Wednesday, October 2, 2013

Review: Upstream Color

Copyright: ERBP
I’m not certain what this movie requires from its viewers - maybe a bit of faith, or an attitude towards art that doesn’t demand reason before compassion towards imaginary characters we observe on the screen. Whatever that requirement might be, watching Upstream Color is definitely a challenging experience.

After he made Primer, director, writer, cinematographer and actor Shane Carruth did something unusual - he didn’t immediately try to transform attention that he righteously got into money. Instead, his energy went towards new movies - first, the failed A Topiary that we will probably never see, and now, Upstream Color. In this picture, everything we got in Primer is still here - unusual story backed up by an unwillingness to compromise on any level so that the audience can get a broader, but a more plastic understanding of the plot. The difference is that in this film, Carruth focuses on leaving words behind, and deals primarily in images and sounds.

The film follows Kris, a young woman working as a graphics production designer, who’s one day bumps into a man who tends a very special garden. She wakes up after that, and her lifesaving, as well as memory of previous days are gone. The experience is a crushing ordeal, although she try’s her best to start over. Soon, she meets  a man named Jeff, who is interested in her, and try’s to push through her new emotional shell. Simultaneously, a pig farmers life is somehow connected to theirs.

I have only one problem with this amazing movie - the sound design.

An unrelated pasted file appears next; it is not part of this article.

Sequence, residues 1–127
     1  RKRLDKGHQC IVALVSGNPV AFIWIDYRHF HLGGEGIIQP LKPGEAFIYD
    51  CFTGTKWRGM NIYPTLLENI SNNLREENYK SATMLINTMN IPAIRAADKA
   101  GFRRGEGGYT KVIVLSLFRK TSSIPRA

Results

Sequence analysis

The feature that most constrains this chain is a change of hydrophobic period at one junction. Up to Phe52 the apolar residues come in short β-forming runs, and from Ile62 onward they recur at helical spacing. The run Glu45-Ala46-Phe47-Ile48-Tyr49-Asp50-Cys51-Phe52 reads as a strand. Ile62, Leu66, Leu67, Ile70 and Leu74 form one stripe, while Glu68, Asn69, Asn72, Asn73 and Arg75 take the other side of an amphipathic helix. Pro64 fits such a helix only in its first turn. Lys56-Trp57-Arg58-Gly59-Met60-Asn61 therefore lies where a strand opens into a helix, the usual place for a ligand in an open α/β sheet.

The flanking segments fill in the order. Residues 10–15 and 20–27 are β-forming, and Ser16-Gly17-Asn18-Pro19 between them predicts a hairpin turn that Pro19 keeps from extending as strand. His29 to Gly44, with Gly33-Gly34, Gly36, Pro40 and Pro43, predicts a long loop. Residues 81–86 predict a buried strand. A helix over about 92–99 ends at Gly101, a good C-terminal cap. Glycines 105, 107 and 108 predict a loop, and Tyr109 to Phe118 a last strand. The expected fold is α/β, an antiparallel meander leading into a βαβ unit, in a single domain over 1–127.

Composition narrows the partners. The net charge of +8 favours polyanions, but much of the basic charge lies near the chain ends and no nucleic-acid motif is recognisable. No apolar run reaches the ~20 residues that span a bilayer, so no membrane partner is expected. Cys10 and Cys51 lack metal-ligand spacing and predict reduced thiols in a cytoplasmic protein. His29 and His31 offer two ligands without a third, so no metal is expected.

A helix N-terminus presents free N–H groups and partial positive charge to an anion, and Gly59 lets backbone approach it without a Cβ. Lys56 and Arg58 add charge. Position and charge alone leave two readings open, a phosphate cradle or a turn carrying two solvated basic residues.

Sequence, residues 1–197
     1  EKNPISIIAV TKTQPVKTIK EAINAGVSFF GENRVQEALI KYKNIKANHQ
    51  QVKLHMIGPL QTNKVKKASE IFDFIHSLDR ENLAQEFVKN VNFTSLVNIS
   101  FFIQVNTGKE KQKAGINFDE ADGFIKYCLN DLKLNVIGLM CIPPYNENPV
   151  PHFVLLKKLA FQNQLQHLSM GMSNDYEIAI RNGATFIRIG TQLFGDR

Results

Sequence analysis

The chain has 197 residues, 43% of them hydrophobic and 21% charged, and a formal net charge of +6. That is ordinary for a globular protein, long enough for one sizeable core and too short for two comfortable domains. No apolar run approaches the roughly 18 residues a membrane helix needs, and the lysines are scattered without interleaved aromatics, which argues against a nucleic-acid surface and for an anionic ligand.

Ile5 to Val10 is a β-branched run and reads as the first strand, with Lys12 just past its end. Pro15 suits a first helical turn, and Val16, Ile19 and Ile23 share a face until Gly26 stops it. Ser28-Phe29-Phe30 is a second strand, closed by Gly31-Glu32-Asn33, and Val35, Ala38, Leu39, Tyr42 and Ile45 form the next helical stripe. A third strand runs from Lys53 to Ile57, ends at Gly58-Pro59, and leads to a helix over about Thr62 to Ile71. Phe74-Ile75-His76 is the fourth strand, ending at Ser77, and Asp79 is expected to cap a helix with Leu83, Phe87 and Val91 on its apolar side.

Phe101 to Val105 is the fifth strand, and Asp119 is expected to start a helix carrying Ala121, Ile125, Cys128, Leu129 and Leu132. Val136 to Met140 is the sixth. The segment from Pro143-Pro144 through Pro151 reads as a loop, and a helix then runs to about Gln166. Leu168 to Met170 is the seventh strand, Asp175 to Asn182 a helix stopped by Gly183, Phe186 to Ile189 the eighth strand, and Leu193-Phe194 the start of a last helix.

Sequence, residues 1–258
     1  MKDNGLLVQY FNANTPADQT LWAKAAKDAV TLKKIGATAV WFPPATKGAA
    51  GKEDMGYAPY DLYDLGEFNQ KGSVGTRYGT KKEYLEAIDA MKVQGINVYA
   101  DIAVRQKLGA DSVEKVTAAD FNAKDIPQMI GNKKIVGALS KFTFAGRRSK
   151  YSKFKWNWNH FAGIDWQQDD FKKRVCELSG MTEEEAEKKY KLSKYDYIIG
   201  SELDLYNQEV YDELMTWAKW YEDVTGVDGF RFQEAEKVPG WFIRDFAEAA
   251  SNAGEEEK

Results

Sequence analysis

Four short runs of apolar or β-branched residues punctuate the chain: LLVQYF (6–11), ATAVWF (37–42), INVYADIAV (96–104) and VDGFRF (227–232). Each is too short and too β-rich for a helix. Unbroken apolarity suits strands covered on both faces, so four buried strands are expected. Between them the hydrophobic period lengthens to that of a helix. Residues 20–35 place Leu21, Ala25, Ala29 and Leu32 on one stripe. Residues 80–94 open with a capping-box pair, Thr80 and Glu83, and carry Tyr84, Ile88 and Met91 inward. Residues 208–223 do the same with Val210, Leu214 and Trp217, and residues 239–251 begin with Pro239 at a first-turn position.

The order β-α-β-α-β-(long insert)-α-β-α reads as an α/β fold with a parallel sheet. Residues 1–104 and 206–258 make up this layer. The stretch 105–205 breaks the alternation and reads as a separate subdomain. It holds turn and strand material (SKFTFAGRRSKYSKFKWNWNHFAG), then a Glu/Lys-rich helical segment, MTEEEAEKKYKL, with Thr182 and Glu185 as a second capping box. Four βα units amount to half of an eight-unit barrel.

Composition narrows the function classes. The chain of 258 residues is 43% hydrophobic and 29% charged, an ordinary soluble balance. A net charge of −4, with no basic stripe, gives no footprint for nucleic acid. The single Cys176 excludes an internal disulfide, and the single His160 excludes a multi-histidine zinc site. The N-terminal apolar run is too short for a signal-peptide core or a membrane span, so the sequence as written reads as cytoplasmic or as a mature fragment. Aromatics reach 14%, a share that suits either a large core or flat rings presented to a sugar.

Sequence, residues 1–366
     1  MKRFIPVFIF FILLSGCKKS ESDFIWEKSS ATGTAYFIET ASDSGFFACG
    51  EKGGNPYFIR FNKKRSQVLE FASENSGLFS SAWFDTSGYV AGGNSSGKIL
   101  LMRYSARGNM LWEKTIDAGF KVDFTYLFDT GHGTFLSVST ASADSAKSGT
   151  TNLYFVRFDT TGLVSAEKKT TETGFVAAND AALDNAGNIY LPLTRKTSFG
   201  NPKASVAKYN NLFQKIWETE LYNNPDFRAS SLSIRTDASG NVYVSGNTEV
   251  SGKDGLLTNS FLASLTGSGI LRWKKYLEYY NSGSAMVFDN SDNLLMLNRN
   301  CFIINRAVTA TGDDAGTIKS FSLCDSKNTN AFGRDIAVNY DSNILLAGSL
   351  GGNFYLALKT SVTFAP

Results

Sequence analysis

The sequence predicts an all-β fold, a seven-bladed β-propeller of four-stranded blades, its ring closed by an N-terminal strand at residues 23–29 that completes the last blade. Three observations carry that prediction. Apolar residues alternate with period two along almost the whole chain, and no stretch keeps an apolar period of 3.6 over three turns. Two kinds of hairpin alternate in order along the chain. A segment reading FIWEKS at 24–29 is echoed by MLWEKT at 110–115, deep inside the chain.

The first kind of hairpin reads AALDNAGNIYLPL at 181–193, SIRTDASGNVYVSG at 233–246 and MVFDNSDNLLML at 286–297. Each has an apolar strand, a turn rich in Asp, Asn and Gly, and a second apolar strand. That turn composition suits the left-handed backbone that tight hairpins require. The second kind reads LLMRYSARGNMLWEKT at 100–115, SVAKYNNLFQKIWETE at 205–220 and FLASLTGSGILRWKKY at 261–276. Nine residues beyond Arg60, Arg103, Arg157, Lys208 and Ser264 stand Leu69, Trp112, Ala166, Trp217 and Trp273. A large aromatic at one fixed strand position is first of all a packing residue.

Soon after the beginning sequence ends and the plot thickens, sound design becomes bothersome, primarily in the parts where rhythmical noise gets looped and gradually increases in volume. Like a purposely distorted sequence that mimics a broken TV set for way too long, it starts in one point to undermine its original intention, transforming from interesting to obnoxious. Some may say that’s exactly the point, but irritation by sensory input alone is a shortcut that any director takes in his or hers conversation with the audience - movie Irréversible with its rotating camera is a perfect example. The ideas of any art form should by catalyst for induction of emotions in the audience, not the bright colors or loud sounds that present them.

Fortunately, Sean Carruth doesn’t lack in ideas that reside under the sometimes overwhelming sounds that surround the characters in Upstream Color. Here, love and life collide inside Kris and Jeff, who can’t feel anything other than being lost in the maze of their former lives, mistakes and unfortunate events. Instead of loosing hope, they find it in each other even if there is a possibility that a unseeing puppet masters is coldly playing with them.

This film left me with a desire to think about its meaning, but more than that, it left me with feelings.